we got rid of internet/tv a couple weeks ago to help with our budget, and it is possibly the best thing I’ve ever done for my writing. Suddenly, I have all these tiny pockets of time that I wasn’t aware of—that likely got sucked up by social media or email or whatnot—and in them I’ve instead put reading and writing (but no arithmetic). We don’t have smartphones either—we are really amish-ing it up over here. we do go to the public library for books and movies, and I use internet at work sometimes.
i don’t use the internet at the public library though because, aside from our really fantastic children’s section (complete with miniature, child-sized doors next to the larger, mommy-sized doors), our library is the creepiest library I have ever been in. not the building—the people. the building is up on a little hill overlooking the river, between downtown and the park. when the river floods, which often happens in the spring, the water creeps into the parking lot and our trail from the library to the park is overwhelmed with muddy river water.
there is no good way into the library–just a steep double set of stairs or an inclined roundabout path–not too inconvenient, unless you’re eight months pregnant and carrying a two year old because we’re late for storytime and it takes two years olds an awfully long time to safely climb stairs. florescent lighting, the check out front and center and isolated narrow paths past the often-read magazines into the less-read bookstacks, when you first enter. i rarely dig deeply into the bookstacks since poetry is only middle-deep from the center, and the audio-visual side is for computers, dvds, cds. upstairs is lined with local art–some bad, some good–and books even less frequented than what they have downstairs.
I never noticed the creepiness before because it isn’t in a bad area of town, and zu and I always made a bee-line for the cute children’s section for story-time and puppets. now that I’m browsing around a bit more, I can’t stand to be there more than just to grab what I need. I think it is mostly because there are lots of men loitering about. I just get that feeling—that be-on-alert feeling. Maybe it’s the way they look at us? I don’t know exactly—it makes me look over my shoulder to make sure I’m not followed out to my car… and I also carry a knife in my purse so I can stab someone if they attack me. So, don’t get any ideas y’all.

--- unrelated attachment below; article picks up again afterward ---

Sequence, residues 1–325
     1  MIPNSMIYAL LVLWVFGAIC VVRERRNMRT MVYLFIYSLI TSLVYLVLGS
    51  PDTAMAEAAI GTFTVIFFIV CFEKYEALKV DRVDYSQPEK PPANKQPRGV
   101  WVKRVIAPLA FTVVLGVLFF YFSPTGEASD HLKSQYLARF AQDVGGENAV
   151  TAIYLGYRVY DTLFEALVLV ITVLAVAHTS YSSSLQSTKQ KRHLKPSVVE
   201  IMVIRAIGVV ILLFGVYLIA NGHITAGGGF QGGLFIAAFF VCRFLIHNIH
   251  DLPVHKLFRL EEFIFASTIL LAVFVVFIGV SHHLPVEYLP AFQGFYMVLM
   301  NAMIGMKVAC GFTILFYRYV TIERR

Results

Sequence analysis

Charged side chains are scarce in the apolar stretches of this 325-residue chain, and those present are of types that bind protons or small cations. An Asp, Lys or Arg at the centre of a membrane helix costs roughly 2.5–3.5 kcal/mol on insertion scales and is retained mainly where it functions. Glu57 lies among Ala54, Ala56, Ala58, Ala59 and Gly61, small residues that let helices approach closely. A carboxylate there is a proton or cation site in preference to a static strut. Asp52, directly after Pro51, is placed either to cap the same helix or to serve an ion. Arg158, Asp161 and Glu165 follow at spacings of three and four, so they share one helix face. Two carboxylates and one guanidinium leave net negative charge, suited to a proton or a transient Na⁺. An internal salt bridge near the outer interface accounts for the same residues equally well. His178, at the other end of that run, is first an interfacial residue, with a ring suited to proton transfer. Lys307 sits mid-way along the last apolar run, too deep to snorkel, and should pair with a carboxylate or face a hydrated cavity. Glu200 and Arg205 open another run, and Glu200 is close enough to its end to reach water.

back to the topic at hand…after braving the library, I finally finished bossypants by tina fey last week (the chapter on motherhood is the best so read that if you are just going to read one chapter) and I’m reading the journals of Sylvia Plath right now (it is my rocking-june-to-sleep book. Sometimes it takes so long that I pick up a book and read a bit). I’m also reading through the southern poetry anthology, Tennessee volume, and I think it is my favorite poetry anthology that I’ve ever read—I know so many writers personally who are published in it (I’m in there too, but I wish my poem was better), and it is so good and it is so close to my tennessee born-and-bred heart.
Zu has been watching old cartoons—like mickey mouse short-cartoons. Why are there so many drinking and drunkenness scenes in old cartoons? And why is goofy’s theme song “oh the world owes me a lemon…”? June has been neither watching anything or reading anything from the library. She does however like to try to eat our personal books, when I’m reading to the girls with them both in my lap.
i miss having internet on some days, since I can start to feel a little disconnected from the world, though for the most part I think this has been a really good thing. being disconnected is nice. It’s the reason I never have gotten a smartphone—maybe I’m a luddite at heart (I write, as I type this on my laptop… to later post on my blog…)